Featured Research

from universities, journals, and other organizations

Sharing a hospital room increases risk of 'super bugs'

Date:
January 8, 2010
Source:
Queen's University
Summary:
Staying in a multi-bed hospital room dramatically increases the risk of acquiring a serious infectious disease, researchers in Canada have discovered.

This micrograph depicts Gram-positive C. difficile bacteria from a stool sample culture obtained using a .1m filter.
Credit: CDC / Janice Carr

Staying in a multi-bed hospital room dramatically increases the risk of acquiring a serious infectious disease, Queen's University researchers have discovered.

A new study led by infectious diseases expert Dr. Dick Zoutman says the chance of acquiring serious infections like C. difficile (Clostridium difficile) rises with the addition of every hospital roommate.

"If you're in a two, three or four-bedded room, each time you get a new roommate your risk of acquiring these serious infections increases by 10 per cent," says Dr. Zoutman, professor of Community Health and Epidemiology at Queen's. "That's a substantial risk, particularly for longer hospital stays when you can expect to have many different roommates."

Dr. Zoutman suggests hospitals need to consider more private rooms in their planning. "Despite other advances, multi-bedded rooms are still part of hospital design in the 21st century. Building hospitals with all private rooms is not yet the standard in Ontario or Canada -- but it should be."

Also on the Queen's team are master's student Meghan Hamel and Associate Professor Christopher O'Callaghan. The findings are published on-line in the American Journal of Infection Control.

The researchers argue that it's cheaper in the long run to build more private rooms because of the high costs of treating people with superbugs. For facilities with multi-bed rooms that are unable to take on major redesign, Dr. Zoutman suggests converting four-bed rooms to two-bed semi-privates, and changing semi-private rooms in high-risk areas to private rooms, as much as possible.

"One important way to improve patient safety in our hospitals is to reduce the number of roommates that patients are exposed to during their hospital stay," he stresses. "Especially in acute care hospitals, where the risks are highest, we need to change our room configurations as much as current resources will allow, and strive to design and build new hospital facilities with entirely private rooms."


Story Source:

The above story is based on materials provided by Queen's University. Note: Materials may be edited for content and length.


Cite This Page:

Queen's University. "Sharing a hospital room increases risk of 'super bugs'." ScienceDaily. ScienceDaily, 8 January 2010. <www.sciencedaily.com/releases/2010/01/100105112115.htm>.
Queen's University. (2010, January 8). Sharing a hospital room increases risk of 'super bugs'. ScienceDaily. Retrieved July 25, 2014 from www.sciencedaily.com/releases/2010/01/100105112115.htm
Queen's University. "Sharing a hospital room increases risk of 'super bugs'." ScienceDaily. www.sciencedaily.com/releases/2010/01/100105112115.htm (accessed July 25, 2014).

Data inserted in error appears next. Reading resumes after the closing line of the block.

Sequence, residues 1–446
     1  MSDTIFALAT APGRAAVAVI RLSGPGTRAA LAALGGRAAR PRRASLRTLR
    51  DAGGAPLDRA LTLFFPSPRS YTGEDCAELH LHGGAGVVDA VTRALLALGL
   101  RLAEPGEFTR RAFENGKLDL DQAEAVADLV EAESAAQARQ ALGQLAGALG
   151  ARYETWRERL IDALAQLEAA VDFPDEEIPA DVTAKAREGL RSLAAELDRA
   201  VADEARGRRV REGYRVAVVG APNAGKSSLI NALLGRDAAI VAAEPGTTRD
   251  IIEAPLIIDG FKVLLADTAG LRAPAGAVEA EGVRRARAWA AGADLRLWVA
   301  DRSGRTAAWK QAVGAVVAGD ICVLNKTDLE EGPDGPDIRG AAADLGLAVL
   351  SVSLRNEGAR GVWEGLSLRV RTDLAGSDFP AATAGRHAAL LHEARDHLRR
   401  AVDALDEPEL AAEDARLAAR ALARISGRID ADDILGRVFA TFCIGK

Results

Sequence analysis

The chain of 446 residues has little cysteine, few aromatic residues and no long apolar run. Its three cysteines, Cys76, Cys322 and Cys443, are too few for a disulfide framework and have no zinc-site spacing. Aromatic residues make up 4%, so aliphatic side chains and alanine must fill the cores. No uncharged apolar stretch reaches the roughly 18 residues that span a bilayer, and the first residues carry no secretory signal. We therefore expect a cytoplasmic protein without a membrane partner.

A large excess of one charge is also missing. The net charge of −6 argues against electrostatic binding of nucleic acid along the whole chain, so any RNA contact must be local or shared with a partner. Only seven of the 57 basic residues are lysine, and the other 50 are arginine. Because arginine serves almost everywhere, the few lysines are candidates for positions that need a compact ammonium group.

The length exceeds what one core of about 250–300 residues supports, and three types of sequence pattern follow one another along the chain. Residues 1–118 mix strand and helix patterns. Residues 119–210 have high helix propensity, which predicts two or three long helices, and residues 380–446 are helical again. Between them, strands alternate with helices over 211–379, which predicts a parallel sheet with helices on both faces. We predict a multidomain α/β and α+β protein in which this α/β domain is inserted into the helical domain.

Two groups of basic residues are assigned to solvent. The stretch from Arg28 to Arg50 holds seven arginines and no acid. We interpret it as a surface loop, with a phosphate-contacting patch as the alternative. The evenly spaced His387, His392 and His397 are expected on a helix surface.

Share This




More Health & Medicine News

Friday, July 25, 2014

Featured Research

from universities, journals, and other organizations


Featured Videos

from AP, Reuters, AFP, and other news services

Beatings and Addiction: Pakistan Drug 'clinic' Tortures Patients

Beatings and Addiction: Pakistan Drug 'clinic' Tortures Patients

AFP (July 24, 2014) A so-called drugs rehab 'clinic' is closed down in Pakistan after police find scores of ‘patients’ chained up alleging serial abuse. Duration 03:05 Video provided by AFP
Powered by NewsLook.com
Too Few Teens Receiving HPV Vaccination, CDC Says

Too Few Teens Receiving HPV Vaccination, CDC Says

Newsy (July 24, 2014) The Centers for Disease Control and Prevention is blaming doctors for the low number of children being vaccinated for HPV. Video provided by Newsy
Powered by NewsLook.com
New Painkiller Designed To Discourage Abuse: Will It Work?

New Painkiller Designed To Discourage Abuse: Will It Work?

Newsy (July 24, 2014) The FDA approved Targiniq ER on Wednesday, a painkiller designed to keep users from abusing it. Like any new medication, however, it has doubters. Video provided by Newsy
Powered by NewsLook.com
Doctor At Forefront Of Fighting Ebola Outbreak Gets Ebola

Doctor At Forefront Of Fighting Ebola Outbreak Gets Ebola

Newsy (July 24, 2014) Sheik Umar Khan has treated many of the people infected in the Ebola outbreak, and now he's become one of them. Video provided by Newsy
Powered by NewsLook.com

Search ScienceDaily

Number of stories in archives: 140,361

Find with keyword(s):
Enter a keyword or phrase to search ScienceDaily for related topics and research stories.

Save/Print:
Share:

Breaking News:
from the past week

In Other News

... from NewsDaily.com

Science News

    Health News

      Environment News

        Technology News



          Save/Print:
          Share:

          Free Subscriptions


          Get the latest science news with ScienceDaily's free email newsletters, updated daily and weekly. Or view hourly updated newsfeeds in your RSS reader:

          Get Social & Mobile


          Keep up to date with the latest news from ScienceDaily via social networks and mobile apps:

          Have Feedback?


          Tell us what you think of ScienceDaily -- we welcome both positive and negative comments. Have any problems using the site? Questions?
          Mobile: iPhone Android Web
          Follow: Facebook Twitter Google+
          Subscribe: RSS Feeds Email Newsletters
          Latest Headlines Health & Medicine Mind & Brain Space & Time Matter & Energy Computers & Math Plants & Animals Earth & Climate Fossils & Ruins